Albert Pujols’ arrival means the Angels have a logjam of first basemen, corner outfielders, and designated hitters, and while trading Mark Trumbo would bring back the most in return Mike DiGiovanna of the Los Angeles Times speculates that “the odd man out would probably be Bobby Abreu.”
Not only won’t the Angels be able to get much in exchange for Abreu, they’ll likely have to eat the majority of his $9 million salary just to move the 37-year-old for anything at all.
General manager Jerry Dipoto and manager Mike Scioscia have talked about Trumbo possibly moving to third base, which would lessen the logjam considerably, but his odds of being even passable there defensively seem pretty slim. Kendrys Morales’ health is also a big factor, although the Angels may end up non-tendering him if he doesn’t show major progress soon.
Abreu has seen his OPS drop from .843 to .825 to .787 to .717 in the past four seasons, but he still has very good on-base skills and could help quite a few teams as a designated hitter or part-time outfielder if the price was low enough.
Mets’ outfielder Curtis Granderson has been named the 2016 recipient of the Roberto Clemente Award, an annual distinction bestowed on the major league players whose dedication to the game of baseball is evident both on and off the field.
Granderson is the 47th recipient of the award since its introduction in 1971, and, according to MLB.com’s Anthony DiComo, the fourth Met honored with the distinction following former members Gary Carter (1989), Al Leiter (2000), and Carlos Delgado (2006).
The 35-year-old contributed 30 home runs and a .237/.355/.464 line during the Mets’ 87-75 run in 2016, but it was his work off the field that set him apart. Over the past six years, Granderson helped fund a new baseball facility at his alma mater, the University of Illinois at Chicago, and partnered with Michelle Obama’s Let’s Move! campaign to combat childhood obesity. He has also been recognized for donations to the YMCA, United Neighborhood Houses, and City Harvest, among other charitable organizations. Most notably, he founded the Grand Kids Foundation, an organization that has furthered the education, fitness, and health of kids living in Chicago since 2007.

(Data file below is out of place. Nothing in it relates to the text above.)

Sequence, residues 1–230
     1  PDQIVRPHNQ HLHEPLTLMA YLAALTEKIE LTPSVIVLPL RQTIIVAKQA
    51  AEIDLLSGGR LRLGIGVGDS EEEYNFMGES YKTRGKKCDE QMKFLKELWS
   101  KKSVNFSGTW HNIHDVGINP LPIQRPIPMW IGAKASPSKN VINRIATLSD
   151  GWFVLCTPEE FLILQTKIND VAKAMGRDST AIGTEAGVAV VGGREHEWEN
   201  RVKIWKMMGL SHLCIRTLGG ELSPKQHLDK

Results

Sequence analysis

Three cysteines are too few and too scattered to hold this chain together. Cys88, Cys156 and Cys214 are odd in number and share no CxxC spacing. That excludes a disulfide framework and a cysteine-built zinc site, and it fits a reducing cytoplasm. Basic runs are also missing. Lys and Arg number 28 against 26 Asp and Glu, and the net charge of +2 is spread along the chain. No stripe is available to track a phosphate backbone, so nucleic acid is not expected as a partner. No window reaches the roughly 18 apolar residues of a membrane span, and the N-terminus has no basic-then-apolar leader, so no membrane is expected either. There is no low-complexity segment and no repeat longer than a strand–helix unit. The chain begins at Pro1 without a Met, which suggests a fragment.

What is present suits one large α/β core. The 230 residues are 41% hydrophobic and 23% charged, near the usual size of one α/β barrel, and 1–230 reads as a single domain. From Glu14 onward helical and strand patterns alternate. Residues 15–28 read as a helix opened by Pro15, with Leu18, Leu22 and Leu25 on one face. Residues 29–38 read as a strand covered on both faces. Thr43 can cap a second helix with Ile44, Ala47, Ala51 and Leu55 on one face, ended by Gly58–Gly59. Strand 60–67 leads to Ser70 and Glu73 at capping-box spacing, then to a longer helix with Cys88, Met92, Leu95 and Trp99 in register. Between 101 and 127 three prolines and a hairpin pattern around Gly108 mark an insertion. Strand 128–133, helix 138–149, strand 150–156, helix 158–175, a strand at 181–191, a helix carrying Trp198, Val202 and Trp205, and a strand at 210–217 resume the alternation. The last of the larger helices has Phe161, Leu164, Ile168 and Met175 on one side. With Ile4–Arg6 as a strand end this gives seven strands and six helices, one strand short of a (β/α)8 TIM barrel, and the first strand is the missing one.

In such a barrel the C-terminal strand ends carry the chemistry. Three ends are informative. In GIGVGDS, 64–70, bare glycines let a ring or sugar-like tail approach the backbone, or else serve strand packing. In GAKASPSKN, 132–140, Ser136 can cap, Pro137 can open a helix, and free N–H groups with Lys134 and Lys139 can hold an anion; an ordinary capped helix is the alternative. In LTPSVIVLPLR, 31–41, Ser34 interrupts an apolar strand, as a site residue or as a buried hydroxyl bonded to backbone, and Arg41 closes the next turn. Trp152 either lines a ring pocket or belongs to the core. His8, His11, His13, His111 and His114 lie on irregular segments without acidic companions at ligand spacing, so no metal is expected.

MLB Commissioner Rob Manfred recognized Granderson’s efforts in a brief ceremony preceding Game 3 of the World Series:
Curtis Granderson is an outstanding ambassador for our game and a positive role model for kids. His commitment to the many communities that have touched his life and the great impact of these efforts makes him a very deserving recipient of our most prestigious award. On behalf of Major League Baseball and all of our clubs, I congratulate Curtis and thank him and all of our nominees this year for everything they do to make a difference in the lives of others.
We all get inspiration from various sources. Sometimes, it comes from a mentor or peer who has excelled in their field. Sometimes, it’s a video of a dog owner dressing up as his golden retriever’s favorite chew toy (just me? Okay).
If you’re Cubs’ manager Joe Maddon, it’s Michael Scott, regional manager of the Scranton branch of Dunder Mifflin, Inc., founder of the Michael Scott Paper Company, and one-time star of the hit television show Fundle Bundle. At least, that’s what he told the press during the club’s pregame conference on Friday afternoon.
Thankfully, the Cubs don’t have to worry about Maddon emulating the more outlandish behaviors Steve Carell exhibited on The Office. If anything, the praise Michael heaps on himself as the World’s Best Boss could be aptly applied to Maddon’s managerial style — Spencer Gifts mug and all.